Demarketplace Utilizes Media and Technology to Inject Local Businesses With Economic Stimulus

When I asked Bonnie Sandy’s permission to do a profile on her business – DeMarketplace, she raged about community apathy, mistrust and fear of failure.  Her concern was that readers would not “get” what makes a business successful.

“Seriously,” she continued, “profiles tend to treat the business owner as a celebrity.  Often you do not even see the product.  It really bothers me since our community is seriously behind in the current trends and growth!”  She is concerned about value – building it, transferring it and creating strong products!  “My specialty is leveraging technology to cut cost and maximize results! What sets me apart is my focus on culture,” she explained.  Culture+ creativity+ community+ collaboration+ Corporations= COMMERCE.  “Partnerships are important, do not leave out the corporations,” she warned.

“Personally, I define success as living to my fullest potential and positively affecting my fellowman,” Sandy acknowledged.  “I do not run this as a business.  If I did, I would not have discovered many of the techniques I now use.”  Many people seek her assistance armed with masters degrees in business, or with business plans that have been approved for bank loans but are flawed.  “Individuals come to me when they are ready to put aside hype and get serious results! When someone has an idea and very little resources and needs to figure out how to bring that concept to the public in the most efficient, cost-effective way I am the person they are sent to!” she exclaimed.

Sandy is an artist, fashion designer and product developer who has been following and exploring new technology trends for the past six years.  In that time, she has established herself as someone who cares passionately and promotes media and technology as a means to economic opportunity and community upliftment.  This is evident in the various media and technology related projects in which she is currently involved.  For example, DeMarketPlace  ( provides virtual support for individuals utilizing new and emerging media and technology tools to establish their businesses. Sandy also created Brooklyn Fashion Gallery, Behind the Bridge, Artist Mosaic (published first blog 2004) and 28squared as some of its components.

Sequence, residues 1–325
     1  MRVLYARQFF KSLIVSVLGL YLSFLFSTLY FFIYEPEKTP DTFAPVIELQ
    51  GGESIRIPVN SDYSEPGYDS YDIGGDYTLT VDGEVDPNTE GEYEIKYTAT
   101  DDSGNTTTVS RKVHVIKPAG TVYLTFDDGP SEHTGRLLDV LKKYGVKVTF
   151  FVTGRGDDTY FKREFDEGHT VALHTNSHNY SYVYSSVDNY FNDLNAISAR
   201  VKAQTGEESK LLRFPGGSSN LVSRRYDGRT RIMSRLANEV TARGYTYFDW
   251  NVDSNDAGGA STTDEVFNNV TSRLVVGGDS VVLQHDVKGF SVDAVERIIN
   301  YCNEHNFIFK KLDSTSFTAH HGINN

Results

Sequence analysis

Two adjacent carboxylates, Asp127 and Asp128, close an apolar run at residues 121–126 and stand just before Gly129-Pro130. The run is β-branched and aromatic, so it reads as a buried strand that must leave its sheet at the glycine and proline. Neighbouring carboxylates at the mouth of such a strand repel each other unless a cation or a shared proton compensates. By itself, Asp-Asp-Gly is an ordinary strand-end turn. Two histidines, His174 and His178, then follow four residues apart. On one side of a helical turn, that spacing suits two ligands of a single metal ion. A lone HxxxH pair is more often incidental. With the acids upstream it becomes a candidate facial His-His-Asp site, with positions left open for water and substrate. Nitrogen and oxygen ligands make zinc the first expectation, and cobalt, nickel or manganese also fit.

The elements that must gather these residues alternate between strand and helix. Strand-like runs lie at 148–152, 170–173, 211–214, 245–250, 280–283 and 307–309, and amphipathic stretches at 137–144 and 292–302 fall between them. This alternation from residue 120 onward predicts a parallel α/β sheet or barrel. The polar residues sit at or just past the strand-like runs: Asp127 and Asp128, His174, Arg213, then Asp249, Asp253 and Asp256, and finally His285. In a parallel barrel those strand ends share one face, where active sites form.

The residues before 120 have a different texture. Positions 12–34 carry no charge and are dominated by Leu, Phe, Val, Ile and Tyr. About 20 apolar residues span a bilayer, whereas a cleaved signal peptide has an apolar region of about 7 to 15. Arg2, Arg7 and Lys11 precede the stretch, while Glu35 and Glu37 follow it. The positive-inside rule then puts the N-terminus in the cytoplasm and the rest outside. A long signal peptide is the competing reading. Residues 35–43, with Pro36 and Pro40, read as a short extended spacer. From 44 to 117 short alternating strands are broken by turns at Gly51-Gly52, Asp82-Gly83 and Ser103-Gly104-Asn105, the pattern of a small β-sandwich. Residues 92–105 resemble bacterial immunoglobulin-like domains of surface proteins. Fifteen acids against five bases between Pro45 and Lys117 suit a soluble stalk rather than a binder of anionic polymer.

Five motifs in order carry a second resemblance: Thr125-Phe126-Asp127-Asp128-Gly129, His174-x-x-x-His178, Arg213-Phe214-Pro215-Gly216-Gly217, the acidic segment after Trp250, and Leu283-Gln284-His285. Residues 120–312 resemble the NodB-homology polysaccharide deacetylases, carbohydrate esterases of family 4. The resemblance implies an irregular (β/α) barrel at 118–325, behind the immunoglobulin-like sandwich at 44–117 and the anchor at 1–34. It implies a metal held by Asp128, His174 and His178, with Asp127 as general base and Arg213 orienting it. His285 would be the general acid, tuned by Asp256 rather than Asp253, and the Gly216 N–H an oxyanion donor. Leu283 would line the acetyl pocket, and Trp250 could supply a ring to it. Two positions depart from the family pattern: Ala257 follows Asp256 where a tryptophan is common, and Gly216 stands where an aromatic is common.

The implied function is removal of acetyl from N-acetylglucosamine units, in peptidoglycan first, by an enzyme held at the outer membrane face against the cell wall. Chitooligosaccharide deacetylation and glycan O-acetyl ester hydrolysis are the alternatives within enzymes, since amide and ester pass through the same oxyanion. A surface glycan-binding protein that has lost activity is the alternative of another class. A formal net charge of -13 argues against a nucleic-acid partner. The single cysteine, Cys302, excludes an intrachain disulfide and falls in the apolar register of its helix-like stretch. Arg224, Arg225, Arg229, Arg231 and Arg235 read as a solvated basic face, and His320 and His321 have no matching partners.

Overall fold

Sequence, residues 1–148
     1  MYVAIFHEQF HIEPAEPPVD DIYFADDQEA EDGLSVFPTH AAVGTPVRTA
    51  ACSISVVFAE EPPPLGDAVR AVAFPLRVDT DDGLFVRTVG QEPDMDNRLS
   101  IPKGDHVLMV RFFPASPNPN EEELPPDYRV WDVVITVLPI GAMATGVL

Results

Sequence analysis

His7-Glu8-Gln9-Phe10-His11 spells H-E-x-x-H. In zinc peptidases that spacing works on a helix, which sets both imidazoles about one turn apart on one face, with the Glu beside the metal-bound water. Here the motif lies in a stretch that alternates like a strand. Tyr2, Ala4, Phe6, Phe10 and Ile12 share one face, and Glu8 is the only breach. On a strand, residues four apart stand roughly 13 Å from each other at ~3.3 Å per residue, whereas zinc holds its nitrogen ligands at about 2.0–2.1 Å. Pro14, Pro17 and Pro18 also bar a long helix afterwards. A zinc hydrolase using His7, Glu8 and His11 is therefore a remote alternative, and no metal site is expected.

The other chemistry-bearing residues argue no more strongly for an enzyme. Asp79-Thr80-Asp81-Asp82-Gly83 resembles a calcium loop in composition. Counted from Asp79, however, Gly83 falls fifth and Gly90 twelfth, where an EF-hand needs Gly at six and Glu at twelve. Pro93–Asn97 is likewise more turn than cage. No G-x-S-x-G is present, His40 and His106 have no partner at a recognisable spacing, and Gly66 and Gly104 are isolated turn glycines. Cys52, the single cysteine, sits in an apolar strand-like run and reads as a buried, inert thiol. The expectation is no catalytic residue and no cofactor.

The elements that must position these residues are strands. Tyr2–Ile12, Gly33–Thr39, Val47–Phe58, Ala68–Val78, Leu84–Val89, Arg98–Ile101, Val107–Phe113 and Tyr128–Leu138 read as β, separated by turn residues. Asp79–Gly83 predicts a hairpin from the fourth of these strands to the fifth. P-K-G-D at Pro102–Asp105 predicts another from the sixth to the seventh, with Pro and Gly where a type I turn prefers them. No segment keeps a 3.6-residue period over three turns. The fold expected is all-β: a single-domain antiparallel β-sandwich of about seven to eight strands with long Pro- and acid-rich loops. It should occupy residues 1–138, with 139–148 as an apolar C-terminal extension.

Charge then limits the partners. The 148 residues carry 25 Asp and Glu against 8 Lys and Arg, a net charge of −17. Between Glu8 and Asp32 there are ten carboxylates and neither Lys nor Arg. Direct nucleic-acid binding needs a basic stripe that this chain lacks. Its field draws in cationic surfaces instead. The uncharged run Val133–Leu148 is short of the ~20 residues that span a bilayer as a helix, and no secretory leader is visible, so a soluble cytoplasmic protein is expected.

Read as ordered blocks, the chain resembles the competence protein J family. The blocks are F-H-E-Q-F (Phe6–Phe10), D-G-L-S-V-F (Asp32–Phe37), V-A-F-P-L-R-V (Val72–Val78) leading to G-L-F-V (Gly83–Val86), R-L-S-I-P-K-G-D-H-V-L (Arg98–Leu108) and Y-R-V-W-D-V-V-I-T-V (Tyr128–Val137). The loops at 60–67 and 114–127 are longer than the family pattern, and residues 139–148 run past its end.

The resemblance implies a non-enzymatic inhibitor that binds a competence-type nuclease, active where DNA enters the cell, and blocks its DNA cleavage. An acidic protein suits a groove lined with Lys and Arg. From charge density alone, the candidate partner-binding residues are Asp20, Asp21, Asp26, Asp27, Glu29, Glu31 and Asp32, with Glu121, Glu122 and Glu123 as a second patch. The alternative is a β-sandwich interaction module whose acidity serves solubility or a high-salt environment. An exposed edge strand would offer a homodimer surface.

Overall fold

Recently she included Sew Social 2010 with its first project being SS2010Haiti to address the immediate needs of the earthquake’s survivors; making clothing that is relevant to the climate and lifestyle instead of donating used North American clothing.  Here she focuses on the art of making and how emerging technology affects making!
Her creative interest emerged at age thirteen when she began sewing. She later attended New York Fashion Institute of Technology and went on to apprentice with master craftsmen and women.  Coming from a family of techies; her father is a programmer and her brother codes, it is no wonder her teenage son, Yohane, describes her as a geek.